Trees

1. Intro

Trees are the most common data ming tool used today. They are powerful at discovering non-linear relationships hidden within data.  For example, if you are trying to uncover the effect of age on savings using traditional techniques you will have to code dummy variables to account for non-linearities the effect of age on saving behavior. Trees will quickly and automatically uncover facts like younger and older people behave differently than middle-aged people in regards to their savings rate.

2. Overview

The above example is shown in the chart below.

This information space can be partitioned using a tree algorithm.  The result is shown below.

To make the relationships clearer you can represent the above chart in a tree diagram as the image below shows.

 

Binary Trees :

Each node has two branches.

         1          

                 / \         

                /   \        

              2     3                             

Multiway Trees:

Each node has two or more branches.  Any Multiway tree can be represented as a Binary tree although the output is more complex.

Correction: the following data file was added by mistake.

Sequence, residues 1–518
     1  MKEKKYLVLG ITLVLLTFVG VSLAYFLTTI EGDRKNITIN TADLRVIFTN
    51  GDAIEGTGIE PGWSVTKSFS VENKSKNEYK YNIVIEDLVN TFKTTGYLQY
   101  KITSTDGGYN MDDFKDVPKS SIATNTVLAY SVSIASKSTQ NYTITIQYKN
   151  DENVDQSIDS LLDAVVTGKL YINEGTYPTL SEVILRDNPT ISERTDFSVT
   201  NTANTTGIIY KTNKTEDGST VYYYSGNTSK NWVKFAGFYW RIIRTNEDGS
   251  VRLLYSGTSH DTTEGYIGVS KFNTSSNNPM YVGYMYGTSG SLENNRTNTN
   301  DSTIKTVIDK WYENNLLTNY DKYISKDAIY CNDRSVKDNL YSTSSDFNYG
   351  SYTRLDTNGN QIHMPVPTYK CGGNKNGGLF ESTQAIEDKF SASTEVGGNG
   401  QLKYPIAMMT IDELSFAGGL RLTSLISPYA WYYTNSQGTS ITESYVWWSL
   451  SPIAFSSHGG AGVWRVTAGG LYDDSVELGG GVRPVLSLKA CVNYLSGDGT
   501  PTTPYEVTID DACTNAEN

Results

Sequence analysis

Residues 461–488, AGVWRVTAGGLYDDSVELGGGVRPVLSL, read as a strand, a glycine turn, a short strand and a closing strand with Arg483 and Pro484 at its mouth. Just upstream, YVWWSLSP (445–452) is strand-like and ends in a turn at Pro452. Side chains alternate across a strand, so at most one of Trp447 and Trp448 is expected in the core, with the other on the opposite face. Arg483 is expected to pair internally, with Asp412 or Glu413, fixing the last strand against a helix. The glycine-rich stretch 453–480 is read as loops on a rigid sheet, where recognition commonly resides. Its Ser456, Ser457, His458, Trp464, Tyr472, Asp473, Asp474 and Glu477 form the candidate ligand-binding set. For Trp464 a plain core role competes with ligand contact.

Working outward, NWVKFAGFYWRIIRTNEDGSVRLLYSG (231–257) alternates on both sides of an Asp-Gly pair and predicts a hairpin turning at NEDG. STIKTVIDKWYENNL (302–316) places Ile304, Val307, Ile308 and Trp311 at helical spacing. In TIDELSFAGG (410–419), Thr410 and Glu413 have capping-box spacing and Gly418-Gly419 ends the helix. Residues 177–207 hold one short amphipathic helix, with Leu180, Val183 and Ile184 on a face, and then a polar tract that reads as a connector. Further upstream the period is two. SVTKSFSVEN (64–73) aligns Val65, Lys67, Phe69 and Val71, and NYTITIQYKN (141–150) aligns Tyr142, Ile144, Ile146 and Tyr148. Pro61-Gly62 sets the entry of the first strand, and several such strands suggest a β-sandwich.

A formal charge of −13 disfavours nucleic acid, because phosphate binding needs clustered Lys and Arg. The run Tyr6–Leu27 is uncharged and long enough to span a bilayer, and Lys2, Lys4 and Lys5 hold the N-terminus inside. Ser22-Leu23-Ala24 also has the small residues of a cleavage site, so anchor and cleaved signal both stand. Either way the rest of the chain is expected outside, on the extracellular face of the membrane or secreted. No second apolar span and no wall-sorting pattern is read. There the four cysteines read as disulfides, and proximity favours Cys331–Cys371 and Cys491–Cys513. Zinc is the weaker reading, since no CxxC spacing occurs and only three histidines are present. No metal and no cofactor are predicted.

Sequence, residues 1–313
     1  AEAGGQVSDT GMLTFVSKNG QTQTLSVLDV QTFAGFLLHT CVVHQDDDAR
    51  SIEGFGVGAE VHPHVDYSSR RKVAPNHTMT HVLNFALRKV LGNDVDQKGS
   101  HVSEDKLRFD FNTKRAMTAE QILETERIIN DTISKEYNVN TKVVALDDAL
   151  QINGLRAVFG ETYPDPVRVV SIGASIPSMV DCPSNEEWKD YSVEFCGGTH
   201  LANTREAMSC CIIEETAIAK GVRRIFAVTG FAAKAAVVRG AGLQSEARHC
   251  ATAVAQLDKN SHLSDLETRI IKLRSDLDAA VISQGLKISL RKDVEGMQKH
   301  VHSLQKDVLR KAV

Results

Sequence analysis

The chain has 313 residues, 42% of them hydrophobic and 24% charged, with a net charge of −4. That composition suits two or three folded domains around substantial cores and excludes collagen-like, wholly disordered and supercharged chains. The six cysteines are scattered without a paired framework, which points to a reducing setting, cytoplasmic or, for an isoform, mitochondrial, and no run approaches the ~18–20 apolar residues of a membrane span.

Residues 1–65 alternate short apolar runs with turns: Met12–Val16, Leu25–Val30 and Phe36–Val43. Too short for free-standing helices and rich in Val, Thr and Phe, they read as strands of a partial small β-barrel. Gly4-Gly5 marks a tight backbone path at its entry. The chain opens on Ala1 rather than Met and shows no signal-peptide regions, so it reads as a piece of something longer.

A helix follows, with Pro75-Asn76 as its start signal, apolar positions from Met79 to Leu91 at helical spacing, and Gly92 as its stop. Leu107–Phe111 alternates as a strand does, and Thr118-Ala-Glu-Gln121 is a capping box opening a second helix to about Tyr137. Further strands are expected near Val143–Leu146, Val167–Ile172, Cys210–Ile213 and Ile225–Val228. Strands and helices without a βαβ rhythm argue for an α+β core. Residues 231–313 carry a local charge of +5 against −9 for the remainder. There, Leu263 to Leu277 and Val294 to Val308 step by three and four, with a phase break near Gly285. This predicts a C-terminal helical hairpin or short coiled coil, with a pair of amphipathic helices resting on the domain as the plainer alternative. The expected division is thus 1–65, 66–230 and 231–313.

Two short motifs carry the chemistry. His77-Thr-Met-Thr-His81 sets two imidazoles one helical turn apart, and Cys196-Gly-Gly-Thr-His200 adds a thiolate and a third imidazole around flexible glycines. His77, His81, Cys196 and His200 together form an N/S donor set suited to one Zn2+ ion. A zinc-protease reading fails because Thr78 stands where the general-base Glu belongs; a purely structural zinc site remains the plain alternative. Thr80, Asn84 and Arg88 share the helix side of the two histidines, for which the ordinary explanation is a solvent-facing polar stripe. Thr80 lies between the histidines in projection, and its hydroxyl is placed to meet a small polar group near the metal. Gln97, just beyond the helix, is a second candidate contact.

1          

                 /  |  \         

                /   |   \         

              2   3   4       

 

 

3 Common Tree Algorithms

a) THAID

THAID is a binary tree designed to infer relationships with a nominal dependent response variables. Uses statistical significance tests to prune the tree.

 

b) CHAID

CHAID  is a multiway tree used to infer relationships with a nominal and categorical response variables. Uses statistical significance tests to prune the tree.  It is of the same family(AID) as THAID trees.

 

c) CART

CART is a binary tree that supports continuous, nominal, and ordinal response variables.  It is geared for forecasting and uses cross-validation and prune to control the size of the tree.

 

d) Boosted Trees/Random Forests

These methods are discussed in the forecasting section.